“I don’t think there’s a church-state issue because it’s not mandatory and I say worship services instead of church,” he said.

Alternative sentencing is popular across the country: ordering vandals to repaint a graffiti-covered wall, for example.

Ky. judge offers choice: Go to prison – or church

Setting aside the constitutional question of a judge giving special treatment to a convict based on if they go to church, this case highlights one of the myths the religious right makes about the secular left.

It is said that religion will help people turn away from a life of crime or will help them cope with time in prison. Many states spend tax payer dollars to support prison religious activities (as reported in my last post). Mainline and other religious groups spend time to recruit and tend to prisoners.

They reason that they are either helping the prisoner reform, give them another focus in their life, or filling some void.

But if you look at the religious identifications of prisoners you will most likely find the same break down in religious preferences that you do in the general public. 80% believers and 20% non-believers.

The web page Prison Incarceration and Religious Preference attempts to disprove an old argument that religious people tend to commit more crimes.

I don’t believe that but I do think that religion has NOTHING to do with rehabilitation or the prisoners everyday life.

Many courts force repeat DUI offenders to attend Alcoholic Anonymous. AA uses a religious based 12 step program to help the drunk kick their habit. One of the first steps is to give your life to “God”.

Most members, before turning to A.A., had already admitted that they could not control their drinking. Alcohol had become a power greater than themselves, and it had been accepted on those terms. A.A. suggests that to achieve and maintain sobriety, alcoholics need to accept and depend upon another Power recognized as greater than themselves. Some alcoholics choose to consider the A.A. group itself as the power greater than themselves; for many others, this Power is God — as they, individually, understand Him; still others rely upon entirely different concepts of a Higher Power.

The Fellowship of A.A.

But it is the religious basis among other reasons that lead 95% of newcomers to drop out of AA in their first year and 50% drop out after 30 days.

Harvard University: Why People Drop Out of AA

Another pet project of the religious right is Abstinence-Only-Until-Marriage programs that have replaced sex education classes in the public schools.

Teaching about abstinence is not a bad thing as it is one sure way to prevent pregnancy and STD’s but the programs now being funded by the Federal Government doesn’t allow comprehensive sex education. Many of the programs are staffed and run by religious groups who also proselytize to students.

These Abstinence-Only-Until-Marriage programs don’t show much effect and in some cases give wrong information about sex.

Among the misconceptions cited by Waxman’s investigators:

• A 43-day-old fetus is a “thinking person.”

• HIV, the virus that causes AIDS, can be spread via sweat and tears.

• Condoms fail to prevent HIV transmission as often as 31 percent of the time in heterosexual intercourse.

One curriculum, called “Me, My World, My Future,” teaches that women who have an abortion “are more prone to suicide” and that as many as 10 percent of them become sterile. This contradicts the 2001 edition of a standard obstetrics textbook that says fertility is not affected by elective abortion, the Waxman report said.

Some course materials cited in Waxman’s report present as scientific fact notions about a man’s need for “admiration” and “sexual fulfillment” compared with a woman’s need for “financial support.” One book in the “Choosing Best” series tells the story of a knight who married a village maiden instead of the princess because the princess offered so many tips on slaying the local dragon. “Moral of the story,” notes the popular text: “Occasional suggestions and assistance may be alright, but too much of it will lessen a man’s confidence or even turn him away from his princess.”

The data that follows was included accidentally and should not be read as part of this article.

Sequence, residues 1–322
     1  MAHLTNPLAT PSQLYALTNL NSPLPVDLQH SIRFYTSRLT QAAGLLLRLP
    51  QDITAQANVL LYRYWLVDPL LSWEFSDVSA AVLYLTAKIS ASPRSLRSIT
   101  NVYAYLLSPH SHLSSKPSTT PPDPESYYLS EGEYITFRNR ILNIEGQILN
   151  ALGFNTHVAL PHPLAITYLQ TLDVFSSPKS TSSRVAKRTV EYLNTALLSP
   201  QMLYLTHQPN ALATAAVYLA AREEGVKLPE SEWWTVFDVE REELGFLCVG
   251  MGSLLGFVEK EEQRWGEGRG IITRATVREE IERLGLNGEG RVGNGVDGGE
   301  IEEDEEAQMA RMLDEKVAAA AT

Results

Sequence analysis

Some Abstinence Programs Mislead Teens, Report Says

These programs attack one of the basic elements of effective safe sex – condoms. They tell teens that condoms fail more often then scientific studies have shown to be the case. Also because the programs don’t allow the teaching of comprehensive sex education, teens coming out of the programs are more likely to have unprotected sex.

“Sex education doesn’t cause all these negative outcomes. What causes these negative outcomes is kids who are having sex and aren’t protecting themselves,” says Columbia University’s Peter Bearman, who co-authored the most comprehensive study ever done on adolescent health and sexuality.

It was a $45-million project, funded by 17 separate federal agencies. Bearman’s investigators interviewed more than 20,000 young people about virginity pledge programs — and there was some good news.

“Pledging will help them delay sex for, say, 18 months — a year and a half,” says Bearman. “It’s a big deal in the lives of teenagers. Eighteen months is a phenomenally long time. It’s almost two school years.”

So what’s the downside?

“The downside is that, when they have sex, pledgers are one-third less likely to use condoms at first sex,” says Bearman. “So all of the benefit of the delay in terms of pregnancy-risk and in terms of STD acquisition — poof — it just disappears because they’re so much less likely to use a condom at first sex.”

Why do they not use condoms?

“They’ve been taught that condoms don’t work; they’re fearful of them. They don’t know how to use them,” says Bearman. “Their peers don’t use them. They have no experience with them. They don’t know how to get them. They’re had to get access to. For whatever reason they don’t use them, that has long-term consequences.”

Taking The Pledge

The fact is that religion is not going to reduce the crime rate, stop you from being addicted to alcohol and drugs, or protect your children when they start having sex.

We need to address those issues in a rational, fact based, way. That is the only way we can solve them.